Jump to content

Leaderboard


Popular Content

Showing content with the highest reputation since 05/06/2020 in Posts

  1. 3 points
    lynkfs

    styling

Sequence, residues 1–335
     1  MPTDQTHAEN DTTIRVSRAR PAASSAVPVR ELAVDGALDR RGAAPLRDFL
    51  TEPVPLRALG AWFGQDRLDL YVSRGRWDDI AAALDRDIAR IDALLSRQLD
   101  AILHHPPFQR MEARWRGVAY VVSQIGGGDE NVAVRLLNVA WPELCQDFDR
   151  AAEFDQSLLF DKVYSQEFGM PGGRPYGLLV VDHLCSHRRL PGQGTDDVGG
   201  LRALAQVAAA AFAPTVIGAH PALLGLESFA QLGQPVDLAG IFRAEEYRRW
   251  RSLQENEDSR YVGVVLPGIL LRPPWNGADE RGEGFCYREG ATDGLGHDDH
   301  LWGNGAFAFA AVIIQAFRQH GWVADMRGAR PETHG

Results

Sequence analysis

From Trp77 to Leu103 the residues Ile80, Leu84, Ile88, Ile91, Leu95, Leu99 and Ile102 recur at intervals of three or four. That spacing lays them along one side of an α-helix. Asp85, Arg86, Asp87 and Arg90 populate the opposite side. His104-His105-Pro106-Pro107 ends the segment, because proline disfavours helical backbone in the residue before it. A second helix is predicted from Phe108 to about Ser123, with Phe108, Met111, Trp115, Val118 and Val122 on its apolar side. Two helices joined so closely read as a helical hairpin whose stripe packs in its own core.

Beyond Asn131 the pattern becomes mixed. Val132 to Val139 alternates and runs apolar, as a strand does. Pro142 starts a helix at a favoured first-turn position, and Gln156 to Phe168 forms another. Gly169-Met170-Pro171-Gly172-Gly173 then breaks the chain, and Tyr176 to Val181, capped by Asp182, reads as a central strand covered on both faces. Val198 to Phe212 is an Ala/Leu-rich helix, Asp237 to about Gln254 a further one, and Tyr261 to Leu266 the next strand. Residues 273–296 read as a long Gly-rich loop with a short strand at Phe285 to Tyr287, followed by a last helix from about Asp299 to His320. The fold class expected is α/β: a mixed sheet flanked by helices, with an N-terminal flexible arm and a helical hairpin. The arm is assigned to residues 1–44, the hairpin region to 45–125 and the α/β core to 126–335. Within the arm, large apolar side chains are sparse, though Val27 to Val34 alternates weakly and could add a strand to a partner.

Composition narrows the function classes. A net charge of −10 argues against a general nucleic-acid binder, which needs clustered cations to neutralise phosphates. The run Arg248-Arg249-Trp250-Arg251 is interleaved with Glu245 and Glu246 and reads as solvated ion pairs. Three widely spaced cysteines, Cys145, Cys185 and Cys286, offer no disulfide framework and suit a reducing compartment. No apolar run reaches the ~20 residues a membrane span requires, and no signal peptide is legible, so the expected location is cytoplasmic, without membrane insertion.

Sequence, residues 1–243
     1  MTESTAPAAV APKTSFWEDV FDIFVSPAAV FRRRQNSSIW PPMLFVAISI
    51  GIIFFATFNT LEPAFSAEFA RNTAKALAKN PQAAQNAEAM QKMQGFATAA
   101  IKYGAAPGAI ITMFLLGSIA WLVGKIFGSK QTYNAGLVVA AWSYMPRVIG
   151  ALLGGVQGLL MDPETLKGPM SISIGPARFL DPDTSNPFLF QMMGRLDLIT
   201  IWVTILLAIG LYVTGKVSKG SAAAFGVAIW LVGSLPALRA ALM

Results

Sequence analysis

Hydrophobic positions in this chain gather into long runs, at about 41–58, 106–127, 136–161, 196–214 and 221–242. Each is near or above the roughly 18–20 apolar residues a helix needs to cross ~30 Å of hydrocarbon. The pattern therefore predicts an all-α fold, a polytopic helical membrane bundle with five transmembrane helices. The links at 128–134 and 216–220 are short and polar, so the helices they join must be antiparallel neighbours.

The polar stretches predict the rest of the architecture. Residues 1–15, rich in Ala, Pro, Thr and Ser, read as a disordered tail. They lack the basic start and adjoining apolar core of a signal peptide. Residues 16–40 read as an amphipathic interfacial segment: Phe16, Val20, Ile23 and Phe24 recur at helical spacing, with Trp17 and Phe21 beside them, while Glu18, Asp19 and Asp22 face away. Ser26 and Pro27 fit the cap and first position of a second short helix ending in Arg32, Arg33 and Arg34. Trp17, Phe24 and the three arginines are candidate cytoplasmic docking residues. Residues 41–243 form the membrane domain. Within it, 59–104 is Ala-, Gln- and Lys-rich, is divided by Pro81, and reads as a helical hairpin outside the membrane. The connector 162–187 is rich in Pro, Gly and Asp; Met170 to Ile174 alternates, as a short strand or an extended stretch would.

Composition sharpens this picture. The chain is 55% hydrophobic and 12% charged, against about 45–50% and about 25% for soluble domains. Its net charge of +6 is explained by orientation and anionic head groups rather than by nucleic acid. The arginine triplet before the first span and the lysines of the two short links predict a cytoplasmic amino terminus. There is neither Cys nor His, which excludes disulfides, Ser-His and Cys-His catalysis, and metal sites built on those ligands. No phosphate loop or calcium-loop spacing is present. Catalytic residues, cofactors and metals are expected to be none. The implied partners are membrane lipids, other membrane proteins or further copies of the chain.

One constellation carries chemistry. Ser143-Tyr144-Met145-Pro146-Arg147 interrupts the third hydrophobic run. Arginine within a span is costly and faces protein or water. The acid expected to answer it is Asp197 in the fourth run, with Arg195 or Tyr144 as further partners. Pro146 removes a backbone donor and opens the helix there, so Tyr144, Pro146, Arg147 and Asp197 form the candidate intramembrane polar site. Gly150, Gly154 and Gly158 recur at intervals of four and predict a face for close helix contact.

Styling of visual elements. There are some 280 separate css properties which can be used to style each and every visual dom element. The following statement produces such a list var styles := browserapi.window.getComputedStyle(Panel.handle); (280 entries) If we disregard the properties which have a vendor prefix (-webkit, -moz etc) we still end up with some 230 properties for each visual element. And although many of these have default property values, the complexity is just too great to do styling on this level. Each and every css framework (including Smart) tries to reduce the complexity by a number of measures group css properties into meaningful categories, give these groups meaningful names and possibly also rename individual properties connect groups to visual components making sure that all groups adhere to application wide values (i.e. primaryBlue is set to "#ebf8ff" in all groups) eliminate annoying differences in how browsers interpret universal css do this either static and/or dynamic in code The way the above is implemented varies wildly across frameworks. Two examples : Smart does its standard styling mainly by grouping classes on the level of components (1), giving them component names like .TW3Button (2,4). Every visual component gets this class on creation with 2 additional classes for background and border (4). So the resulting styling of a button gets defined by <button class="TW3Button TW3ButtonBackground TW3ButtonBorder" ... The supplied css templates in the Templates directory have a feature which implements application wide setting (5), so f.i. const 'EdgeRounding' will be set to "4px" in all components which use 'EdgeRounding (3)'. There also some settings which standardise browser behaviour (6) Furthermore the rtl has methods to manipulate all classes, groups, properties and stylesheets in code (SmartCL.Css.Classes, SmartCL.Css.Stylesheet (7) Tailwind CCS. This framework is sort of on the other side of the spectrum. It groups css properties in a large numer of very small groups (1,2,3). These groups are almost atomic in nature, so f.i. the 'm-0' class is specified as { margin: 0 }. It basically does not do any of 4,5,6 or 7 So implementing a button using Tailwind involves many classes : <button class="bg-blue-500 hover:bg-blue-700 text-white font-bold py-2 px-4 rounded" which gives a light blue button with rounded corners, becomes a bit darker on hover, has its caption in bold white and has specific values for top/bottom and left/right padding. Nevertheless people build beautifully styled apps and websites using Tailwind. And it is readily accessible through code (7) Thinking about how to merge the best features of the above into a styling design mechanism, I would look at doing this : 1- define a (limited) number of atomic groups. An atomic group combines and names simple css properties which can be used in more complex structures. Candidates are : colors, borders, backgrounds and fonts to start off with. The font-category f.i could be sub-grouped in 'families', 'sizes', 'weights', 'letterSpacings' and 'lineHeights'. As an example the 'lineSpacings' subgroup could then be specified as "letterSpacings": { "tighter": "-0.05em", "tight": "-0.025em", "normal": "0", "wide": "0.025em", "wider": "0.05em", "widest": "0.1em" } 2- define generic building blocks or component groups, i.e a generic button, using as many of the atomic groupings from 1) as possible "button": { "cursor": "pointer", "fontSize": "100%", "lineHeight": "inherit", "backgroundColor": { "colors" : "primary" }, "border": "none", "color": "white", "fontWeight": "bold", "borderRadius": { "radii" : "default" }, ":hover": { "backgroundColor": { "colors" : "primaryHover"}, } This uses the atomic 'colors' group, which will have entries like "primary": "#2b6cb0", "primaryHover": "#2c5282" which then will be substituted in the above, so f.i. the 'backgroundColor' entry will become "backgroundColor": "#2b6cb0" This way all groups who use 'colors:primary' will have the same colour value, application-wide. 3- define descendants from the component groups from 2), f.i. a rounded pill button, which only has those properties different from its parent "buttons": { "pill": { "borderRadius": "full", } } So far the above examples boil down to something like this after substitution (2) and child creation (3) theme01.colors.primary: #2b6cb0 theme01.colors.primaryHover: #2c5282 theme01.buttons.generic.cursor: pointer theme01.buttons.generic.fontSize: 100% theme01.buttons.generic.lineHeight: inherit theme01.buttons.generic.backgroundColor: #2b6cb0 theme01.buttons.generic.border: none theme01.buttons.generic.color: white theme01.buttons.generic.fontWeight: bold theme01.buttons.generic.borderRadius: 0.25rem theme01.buttons.generic.hover.backgroundColor: #2c5282 theme01.buttons.generic.pill.borderRadius: 9999px and a class invocation like <button class="buttonPill ..." (or even TW3Button) 4- generate this into a regular css template and include the modernize.css entries to harmonize across browsers as well. 5- integrate this in the visual designer Actually the style generation should closely follow the hierarchy in the visual designer. So if there is a rounded-button on a panel on a form on the <body> element, then the css property values should reflect the #body, #form, #panel, #generic-button and #rounded-button properties (and nothing more). just an idea, but doable